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This is Jenny from the blah

Second Act is enough like Working Girl, Mike Nichols’s corporate-ladder romantic comedy from 30 years ago

By Wesley Morris/The New York Times News Service

  • Published 11.01.19, 7:42 PM
  • Updated 11.01.19, 8:00 PM
Jennifer Lopez and Vanessa Hudgens in the movie Second Act.
Jennifer Lopez and Vanessa Hudgens in the movie Second Act. A still from the film.

Second Act is a workplace comedy with Jennifer Lopez as Maya, a brand-new 40-year-old who gets passed over for a promotion at the Queens superstore she manages. The white guy (Dan Bucatinsky) who gets the job is a stooge with a Duke MBA. She has a GED. Fortunately, her best work friend (Leah Remini) has a whiz-kid son who sends out a doctored resume and cooks up a phony Facebook page that turns her into the mountain-climbing go-getter she swore she’d never be. But the bogusness wins her a corporate consulting gig competing to develop organic face gloop, anyway.

This is Jenny from the blah. The movie was written by Justin Zackham and Elaine Goldsmith-Thomas and directed by the Adam Sandler and spoof veteran Peter Segal. We’re supposed to find what they’ve done with this story suspenseful. Just who at this company of divas, nerds and snakes will be the first to smell a rat? (Vanessa Hudgens, Charlyne Yi, Freddie Stroma and Annaleigh Ashford, who pockets the movie with debutante snark, are on the payroll.) How long until the plot goes from having Maya disappoint her man (Milo Ventimiglia) by reminding him that she doesn’t want kids to our finding out why and then watching her secret cause her joy and insufficiently plumbed pangs of emotional torment. I never see plot twists coming, but this one made me feel like Nostradamus.

Second Act is enough like Working Girl, Mike Nichols’s corporate-ladder romantic comedy from 30 years ago, that you wish it was even more like it. Maya isn’t cunning, conniving and savvy the way Melanie Griffith got to be in that movie. She doesn’t have a plan. She doesn’t even really make a decision. Every significant development happens to Maya. It’s done for her or requires her reluctant participation, from the ruse at work to her great big secret, to the dance party that breaks out in Remini’s kitchen on Maya’s way to work.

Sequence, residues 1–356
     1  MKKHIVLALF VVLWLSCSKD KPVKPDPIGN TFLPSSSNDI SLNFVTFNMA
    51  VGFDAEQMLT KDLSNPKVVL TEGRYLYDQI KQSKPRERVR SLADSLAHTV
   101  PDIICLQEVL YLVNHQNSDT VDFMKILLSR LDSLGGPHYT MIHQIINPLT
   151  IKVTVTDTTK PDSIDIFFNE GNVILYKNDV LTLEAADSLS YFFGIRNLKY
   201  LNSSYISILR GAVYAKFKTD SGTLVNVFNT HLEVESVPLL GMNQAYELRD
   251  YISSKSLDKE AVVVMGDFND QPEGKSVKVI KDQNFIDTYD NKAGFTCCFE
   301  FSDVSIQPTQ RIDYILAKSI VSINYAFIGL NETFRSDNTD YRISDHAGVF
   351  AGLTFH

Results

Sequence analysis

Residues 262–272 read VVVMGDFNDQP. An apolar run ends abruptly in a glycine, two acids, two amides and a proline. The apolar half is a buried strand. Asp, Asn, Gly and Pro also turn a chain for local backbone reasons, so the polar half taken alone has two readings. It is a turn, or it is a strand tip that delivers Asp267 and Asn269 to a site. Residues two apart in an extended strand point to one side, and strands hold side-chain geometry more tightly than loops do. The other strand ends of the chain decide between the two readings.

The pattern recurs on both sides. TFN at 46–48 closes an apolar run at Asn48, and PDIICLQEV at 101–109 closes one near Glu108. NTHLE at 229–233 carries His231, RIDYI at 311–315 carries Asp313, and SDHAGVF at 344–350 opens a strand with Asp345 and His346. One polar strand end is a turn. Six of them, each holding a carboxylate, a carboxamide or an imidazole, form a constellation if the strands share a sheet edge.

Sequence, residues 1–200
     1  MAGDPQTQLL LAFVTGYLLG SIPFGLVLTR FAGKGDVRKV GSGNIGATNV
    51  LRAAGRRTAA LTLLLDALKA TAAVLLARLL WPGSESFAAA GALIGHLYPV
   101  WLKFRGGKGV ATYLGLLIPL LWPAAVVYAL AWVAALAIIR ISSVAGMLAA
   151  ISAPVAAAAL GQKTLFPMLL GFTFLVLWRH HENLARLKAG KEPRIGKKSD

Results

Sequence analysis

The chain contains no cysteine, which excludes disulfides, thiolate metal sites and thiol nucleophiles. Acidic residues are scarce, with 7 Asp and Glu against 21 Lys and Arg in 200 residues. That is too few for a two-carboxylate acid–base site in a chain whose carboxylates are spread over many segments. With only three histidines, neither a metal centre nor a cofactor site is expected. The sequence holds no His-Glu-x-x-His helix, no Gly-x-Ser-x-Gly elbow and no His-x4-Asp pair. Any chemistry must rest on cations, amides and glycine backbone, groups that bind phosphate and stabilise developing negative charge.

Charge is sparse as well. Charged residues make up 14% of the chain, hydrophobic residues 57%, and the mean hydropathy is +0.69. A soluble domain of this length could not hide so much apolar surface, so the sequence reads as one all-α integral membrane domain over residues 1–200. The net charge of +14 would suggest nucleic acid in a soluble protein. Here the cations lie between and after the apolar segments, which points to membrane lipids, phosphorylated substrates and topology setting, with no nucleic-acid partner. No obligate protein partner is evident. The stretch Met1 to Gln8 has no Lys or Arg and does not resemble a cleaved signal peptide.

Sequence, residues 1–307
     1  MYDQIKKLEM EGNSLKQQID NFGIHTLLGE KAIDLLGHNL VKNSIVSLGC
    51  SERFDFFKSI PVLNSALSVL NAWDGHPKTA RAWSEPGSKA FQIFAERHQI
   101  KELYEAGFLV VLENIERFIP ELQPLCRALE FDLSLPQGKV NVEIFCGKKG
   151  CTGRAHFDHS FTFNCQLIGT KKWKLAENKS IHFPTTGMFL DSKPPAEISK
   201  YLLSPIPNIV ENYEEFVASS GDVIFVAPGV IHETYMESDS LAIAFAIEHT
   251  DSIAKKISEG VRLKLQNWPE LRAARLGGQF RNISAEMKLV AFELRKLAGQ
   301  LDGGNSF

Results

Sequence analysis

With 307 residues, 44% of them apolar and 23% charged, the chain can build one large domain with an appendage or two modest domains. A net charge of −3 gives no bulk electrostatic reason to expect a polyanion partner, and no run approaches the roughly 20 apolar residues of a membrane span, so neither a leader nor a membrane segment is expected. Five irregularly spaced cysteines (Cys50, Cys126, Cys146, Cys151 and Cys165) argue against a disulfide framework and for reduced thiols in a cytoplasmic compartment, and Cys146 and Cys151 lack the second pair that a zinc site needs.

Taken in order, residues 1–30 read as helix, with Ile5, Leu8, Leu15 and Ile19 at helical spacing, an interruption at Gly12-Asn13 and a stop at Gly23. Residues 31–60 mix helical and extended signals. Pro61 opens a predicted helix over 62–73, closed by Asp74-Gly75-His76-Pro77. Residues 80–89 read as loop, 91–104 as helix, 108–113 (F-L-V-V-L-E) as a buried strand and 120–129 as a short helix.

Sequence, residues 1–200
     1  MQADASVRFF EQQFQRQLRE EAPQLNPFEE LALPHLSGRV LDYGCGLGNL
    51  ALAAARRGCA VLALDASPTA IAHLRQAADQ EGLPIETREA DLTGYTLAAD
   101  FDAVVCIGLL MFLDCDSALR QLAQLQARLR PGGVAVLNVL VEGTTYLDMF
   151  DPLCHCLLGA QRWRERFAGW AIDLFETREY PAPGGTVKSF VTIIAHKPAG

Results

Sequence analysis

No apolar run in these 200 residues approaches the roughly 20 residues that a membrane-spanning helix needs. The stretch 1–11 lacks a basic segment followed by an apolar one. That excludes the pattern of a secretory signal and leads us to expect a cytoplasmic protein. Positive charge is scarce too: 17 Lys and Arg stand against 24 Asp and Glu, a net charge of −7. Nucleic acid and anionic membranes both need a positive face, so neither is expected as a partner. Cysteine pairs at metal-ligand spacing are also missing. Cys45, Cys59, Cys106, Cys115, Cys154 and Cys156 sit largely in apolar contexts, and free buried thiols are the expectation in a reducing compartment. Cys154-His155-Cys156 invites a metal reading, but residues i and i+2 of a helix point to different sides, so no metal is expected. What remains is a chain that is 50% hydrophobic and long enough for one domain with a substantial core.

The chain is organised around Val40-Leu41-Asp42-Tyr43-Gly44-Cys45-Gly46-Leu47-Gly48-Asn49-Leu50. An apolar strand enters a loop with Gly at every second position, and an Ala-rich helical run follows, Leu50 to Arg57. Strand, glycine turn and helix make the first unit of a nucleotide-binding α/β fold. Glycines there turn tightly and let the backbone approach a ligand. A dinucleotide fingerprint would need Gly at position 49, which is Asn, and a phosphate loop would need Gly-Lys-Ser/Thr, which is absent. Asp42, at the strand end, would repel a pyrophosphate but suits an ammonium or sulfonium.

This is to say that a movie like this plays to none of Lopez’s strengths — if your star is known for, among other things, dancing, why stick in a scene of her suppressing the urge to dance? But passivity rather than assertiveness has come to define Lopez in movies. It’s been 20 years since Out of Sight helped make her a star (and stuff like Money Train, Jack, Anaconda, Selena and U-Turn promised that she’d be one), and, despite some relentlessness on her part (dozens of movies, some hits, a couple of fiascos) nothing she’s done has threatened to dislodge from my heart the impossible blend of hard and soft, of playfulness, sensuality and wit, that she found in that film.

Part of the problem is that, in all that time, she hasn’t had a role that good. But she doesn’t need one that good. All she needs is a movie that gets her to exert even some of the same confidence and competence, instead of parts that ask her to suffer and dither and hide as the price for eventually being able to, say, slay a very bad husband or a worse lover. Basically, it’s been 20 years, and I’m still waiting to see her let all the way go, to be as natural, funny, sharp, overjoyed, surprising, and open as she can be in interviews, on Instagram, as a competition judge and as a recording artist. This impossible mix of glamour and realness keep her among the world’s most beloved famous people. But film acting seems to freeze all that up. Filmmakers — or maybe Lopez herself — won’t let her be her. All she does is work hard for these movies — deferring, apologising, peacekeeping. When are the movies going to start working for her?

(The New York Times News Service)

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